The Fires That Rage

As most Americans have probably heard by now, Southern California seems to be virtually engulfed in flames. If one is fortunate enough to live in an area not directly endangered by the seeming firestorm, one is constantly reminded of it by the billows of brown smoke hovering over one’s head, rendering the sun and its rays a strange orange hue and increasing the temperature by not a small amount.

I feel like I’m living in Arizona.

One of the lesser publicized fires has been wreaking its destruction on my home county of Ventura. The small towns of Santa Paula and Fillmore have been most directly affected. Last night, my parents and I rushed out to help a long-time family friend from church get some stuff out of his house, which happens to be in the hills of Santa Paula.

When I had gotten home, I smelled like I had been sitting in front of a campfire all day. Luckily, our friend’s house has not been burned, but many others’ have. There was also a hospital in the fire’s projected path, but I don’t think that was hit either, thank God.

My parents snapped some pictures of the Santa Paula fire, which had been driven by an easterly wind. That wind was mildly discomforting to Venturans, by the way, because Santa Paula lies east up a valley toward Fillmore. Please pray for us Southern Californians, that not too many lose their lives or possessions. This is also an opportunity that can definitely be used by God for the good, so please also pray that his love and comfort will be felt by all affected by these fires.



I came across this passage yesterday in church. Interesting and very visual.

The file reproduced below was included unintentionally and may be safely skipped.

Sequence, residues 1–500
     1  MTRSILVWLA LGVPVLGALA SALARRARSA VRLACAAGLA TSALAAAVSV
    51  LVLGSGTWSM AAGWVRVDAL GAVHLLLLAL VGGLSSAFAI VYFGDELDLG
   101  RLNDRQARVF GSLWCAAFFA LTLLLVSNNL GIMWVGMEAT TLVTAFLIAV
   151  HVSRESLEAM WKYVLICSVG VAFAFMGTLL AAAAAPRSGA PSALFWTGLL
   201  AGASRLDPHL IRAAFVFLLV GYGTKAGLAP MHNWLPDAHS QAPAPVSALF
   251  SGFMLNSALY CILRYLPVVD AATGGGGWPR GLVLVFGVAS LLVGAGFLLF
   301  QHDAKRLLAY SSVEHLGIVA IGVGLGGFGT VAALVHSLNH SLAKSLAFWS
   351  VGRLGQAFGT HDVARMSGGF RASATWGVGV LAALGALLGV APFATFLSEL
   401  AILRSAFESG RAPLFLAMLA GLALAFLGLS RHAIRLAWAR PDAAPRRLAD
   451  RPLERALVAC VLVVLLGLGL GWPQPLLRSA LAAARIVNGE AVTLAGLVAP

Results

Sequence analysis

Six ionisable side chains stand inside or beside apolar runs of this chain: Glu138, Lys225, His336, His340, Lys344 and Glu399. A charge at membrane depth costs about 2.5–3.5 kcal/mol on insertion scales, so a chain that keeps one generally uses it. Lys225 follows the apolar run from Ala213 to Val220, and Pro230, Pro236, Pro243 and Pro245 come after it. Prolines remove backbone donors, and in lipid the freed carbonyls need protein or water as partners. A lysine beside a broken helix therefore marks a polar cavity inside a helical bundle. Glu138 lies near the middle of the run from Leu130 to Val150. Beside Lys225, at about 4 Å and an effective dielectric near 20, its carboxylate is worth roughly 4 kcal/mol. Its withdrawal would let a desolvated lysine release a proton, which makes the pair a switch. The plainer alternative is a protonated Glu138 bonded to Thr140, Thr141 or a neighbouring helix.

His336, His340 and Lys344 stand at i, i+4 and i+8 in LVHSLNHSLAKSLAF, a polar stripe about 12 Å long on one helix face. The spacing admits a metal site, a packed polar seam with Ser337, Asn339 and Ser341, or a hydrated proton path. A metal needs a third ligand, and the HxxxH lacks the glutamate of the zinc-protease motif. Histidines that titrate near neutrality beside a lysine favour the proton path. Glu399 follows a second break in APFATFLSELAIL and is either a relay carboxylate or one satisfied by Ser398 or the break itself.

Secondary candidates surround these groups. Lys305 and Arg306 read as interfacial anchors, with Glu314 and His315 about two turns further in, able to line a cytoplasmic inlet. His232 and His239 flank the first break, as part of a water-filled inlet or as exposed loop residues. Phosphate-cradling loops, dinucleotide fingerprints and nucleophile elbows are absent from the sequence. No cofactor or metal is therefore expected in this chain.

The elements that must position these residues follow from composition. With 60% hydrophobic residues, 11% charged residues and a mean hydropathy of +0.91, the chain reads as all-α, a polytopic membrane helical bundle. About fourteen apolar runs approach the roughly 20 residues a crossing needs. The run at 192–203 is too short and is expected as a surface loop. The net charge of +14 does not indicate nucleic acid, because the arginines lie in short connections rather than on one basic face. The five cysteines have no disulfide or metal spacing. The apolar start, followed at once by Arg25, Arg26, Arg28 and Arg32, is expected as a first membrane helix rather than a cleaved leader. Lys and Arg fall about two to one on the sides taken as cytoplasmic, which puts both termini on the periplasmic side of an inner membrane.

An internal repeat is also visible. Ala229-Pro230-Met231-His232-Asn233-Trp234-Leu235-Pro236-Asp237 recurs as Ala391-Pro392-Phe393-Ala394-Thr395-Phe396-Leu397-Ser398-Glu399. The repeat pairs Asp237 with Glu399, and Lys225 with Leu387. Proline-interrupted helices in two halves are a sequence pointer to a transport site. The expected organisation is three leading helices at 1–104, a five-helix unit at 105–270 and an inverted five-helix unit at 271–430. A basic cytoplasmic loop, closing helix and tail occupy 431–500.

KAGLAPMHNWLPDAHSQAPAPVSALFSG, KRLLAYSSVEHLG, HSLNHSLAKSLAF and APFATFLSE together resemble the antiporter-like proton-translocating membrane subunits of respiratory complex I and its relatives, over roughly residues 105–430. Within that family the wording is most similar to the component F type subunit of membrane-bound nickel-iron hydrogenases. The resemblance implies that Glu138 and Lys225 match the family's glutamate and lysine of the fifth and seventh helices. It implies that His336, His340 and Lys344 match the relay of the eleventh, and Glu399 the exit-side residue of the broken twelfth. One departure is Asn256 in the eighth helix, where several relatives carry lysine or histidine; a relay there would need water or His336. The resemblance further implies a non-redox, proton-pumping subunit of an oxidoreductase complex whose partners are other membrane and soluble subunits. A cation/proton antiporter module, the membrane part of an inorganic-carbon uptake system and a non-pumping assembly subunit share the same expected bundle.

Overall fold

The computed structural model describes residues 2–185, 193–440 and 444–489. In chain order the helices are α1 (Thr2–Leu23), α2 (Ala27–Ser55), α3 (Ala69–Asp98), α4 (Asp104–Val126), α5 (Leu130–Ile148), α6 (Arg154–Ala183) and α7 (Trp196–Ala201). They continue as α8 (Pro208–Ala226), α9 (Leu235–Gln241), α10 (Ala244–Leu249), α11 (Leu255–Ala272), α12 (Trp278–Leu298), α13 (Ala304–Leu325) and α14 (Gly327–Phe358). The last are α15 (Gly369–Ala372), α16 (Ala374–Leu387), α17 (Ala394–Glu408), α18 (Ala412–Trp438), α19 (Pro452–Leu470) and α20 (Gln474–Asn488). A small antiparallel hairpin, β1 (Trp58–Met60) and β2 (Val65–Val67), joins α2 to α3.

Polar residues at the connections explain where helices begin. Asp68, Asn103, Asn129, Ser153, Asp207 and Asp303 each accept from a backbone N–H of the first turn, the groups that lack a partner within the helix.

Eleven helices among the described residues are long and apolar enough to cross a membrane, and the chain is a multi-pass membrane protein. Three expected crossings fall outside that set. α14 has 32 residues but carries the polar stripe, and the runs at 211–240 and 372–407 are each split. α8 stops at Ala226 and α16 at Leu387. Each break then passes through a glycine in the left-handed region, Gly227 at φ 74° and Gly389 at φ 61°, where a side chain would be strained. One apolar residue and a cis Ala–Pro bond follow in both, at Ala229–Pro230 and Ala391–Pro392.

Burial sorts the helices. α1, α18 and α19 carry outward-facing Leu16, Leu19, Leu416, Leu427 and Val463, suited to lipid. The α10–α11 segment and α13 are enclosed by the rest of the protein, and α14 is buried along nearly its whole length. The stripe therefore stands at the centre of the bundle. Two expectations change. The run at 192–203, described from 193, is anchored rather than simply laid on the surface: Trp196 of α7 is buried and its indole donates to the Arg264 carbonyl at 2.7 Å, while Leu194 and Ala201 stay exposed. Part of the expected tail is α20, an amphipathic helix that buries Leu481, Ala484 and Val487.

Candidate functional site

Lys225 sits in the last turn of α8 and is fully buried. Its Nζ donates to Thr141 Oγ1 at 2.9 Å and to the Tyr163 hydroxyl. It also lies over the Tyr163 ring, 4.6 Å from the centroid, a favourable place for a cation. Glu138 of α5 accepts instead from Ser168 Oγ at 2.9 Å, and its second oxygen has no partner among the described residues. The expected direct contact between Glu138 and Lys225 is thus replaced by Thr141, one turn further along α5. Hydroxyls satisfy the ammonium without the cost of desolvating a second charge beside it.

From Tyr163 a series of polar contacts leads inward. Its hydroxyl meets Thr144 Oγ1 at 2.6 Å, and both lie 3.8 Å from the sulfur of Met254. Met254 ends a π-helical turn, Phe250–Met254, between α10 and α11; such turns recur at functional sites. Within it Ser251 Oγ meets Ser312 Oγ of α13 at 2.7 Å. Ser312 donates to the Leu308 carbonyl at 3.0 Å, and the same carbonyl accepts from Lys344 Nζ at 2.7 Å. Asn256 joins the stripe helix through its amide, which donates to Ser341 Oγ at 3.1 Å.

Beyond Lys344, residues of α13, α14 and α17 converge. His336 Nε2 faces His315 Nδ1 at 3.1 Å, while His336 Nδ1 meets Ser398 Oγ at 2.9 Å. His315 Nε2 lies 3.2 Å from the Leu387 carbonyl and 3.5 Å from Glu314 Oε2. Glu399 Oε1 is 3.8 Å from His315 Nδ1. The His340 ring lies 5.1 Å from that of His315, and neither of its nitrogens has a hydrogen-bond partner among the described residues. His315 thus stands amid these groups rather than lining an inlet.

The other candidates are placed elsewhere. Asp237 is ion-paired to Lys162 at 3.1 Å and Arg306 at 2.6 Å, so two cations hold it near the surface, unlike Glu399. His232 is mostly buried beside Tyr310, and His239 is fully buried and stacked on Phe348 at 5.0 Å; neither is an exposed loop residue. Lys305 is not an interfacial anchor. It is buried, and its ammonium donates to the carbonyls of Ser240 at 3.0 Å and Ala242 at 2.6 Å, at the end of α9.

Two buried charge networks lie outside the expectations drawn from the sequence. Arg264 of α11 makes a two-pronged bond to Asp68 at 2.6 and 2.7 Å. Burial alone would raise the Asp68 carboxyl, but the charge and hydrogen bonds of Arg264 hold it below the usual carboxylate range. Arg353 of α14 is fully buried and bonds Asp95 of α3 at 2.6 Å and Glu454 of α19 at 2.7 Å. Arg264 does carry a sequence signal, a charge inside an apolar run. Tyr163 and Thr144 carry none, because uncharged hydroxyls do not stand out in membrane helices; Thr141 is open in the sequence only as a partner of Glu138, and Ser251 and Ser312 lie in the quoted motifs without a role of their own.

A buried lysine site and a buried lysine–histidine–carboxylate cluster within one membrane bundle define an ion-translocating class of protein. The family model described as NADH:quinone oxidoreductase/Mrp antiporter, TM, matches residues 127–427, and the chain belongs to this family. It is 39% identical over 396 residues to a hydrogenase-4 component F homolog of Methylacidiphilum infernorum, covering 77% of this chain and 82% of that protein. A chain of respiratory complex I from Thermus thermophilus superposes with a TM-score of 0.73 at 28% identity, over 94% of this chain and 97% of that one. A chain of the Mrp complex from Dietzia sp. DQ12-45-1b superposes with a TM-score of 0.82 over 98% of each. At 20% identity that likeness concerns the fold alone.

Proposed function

Bless the LORD, O my soul;

O LORD, my God, You are very great;

You are clothed in glory and majesty,

wrapped in a robe of light;

You spread the heavens like a tent cloth.

He sets the rafters of His lofts in the waters,

makes the clouds His chariot,

moves on the wings of the wind.

He makes the winds His messengers,

fiery flames his servants.

-Ps. 104.1-4 (JPS)

A Sad Return

smith.jpgI have been drawn back in to my blogging after a protracted period of uninspiredness and overwhelming life circumstances by the recent tragic suicide of Elliott Smith, who was, I believe, probably the greatest singer songwriter on the scene until a couple days ago.

Smith’s music, mostly low-quality recordings of acoustic guitar and sometimes some drums, was both dark and powerful, even (perhaps especially) when it was at its softest and most beautiful, both musically and lyrically.

I think I first encountered Elliott Smith’s music when I saw the movie Good Will Hunting, but didn’t check into it more until I met my friend Isaac in college. He was a fan and had the album Either/Or, which I heard and immediately liked. However, I did not buy any Elliott Smith albums until I encountered another of his songs, “Needle in the Hay”, in another movie, The Royal Tenenbaums. One of the most captivating aspects of both the album Either/Or and also the song “Needle in the Hay” (on the album Elliott Smith) was the paradox of a voice so seemingly light and almost otherworldly communicating messages of very real and every-day situations, struggles, and pleasures, all of which seemed to lay atop some complex musical work.

I’m not an expert musically, but even I could detect many different influences and musical strains Elliott Smith seemed to effortlessly weave into complex musical patterns. I certainly get a Beetles feeling from a lot of his songs, and would venture to guess he was a fan.

There are some artists and some songs that haunt you for a significant portion of your life, if not your whole life, and Elliott Smith is definitely one of those artists for me. I’ve listed some songs of his below that have a significance for me.

Note: All the song links will take you to the iTunes music store. If you don’t have the iTunes application, I think it’s great and you can get it by clicking on the iTunes badge I’ve put on the main page.



“Ballad of Big Nothing”

“Needle in the Hay”

“No Name #1″


“Roman Candle”

“Rose Parade”

“The Biggest Lie”

Of course, there are so many great songs. If you liked Elliott Smith and have a favorite, let us all know by posting a message. We all, whether we are familiar with his work or not, have lost a real treasure.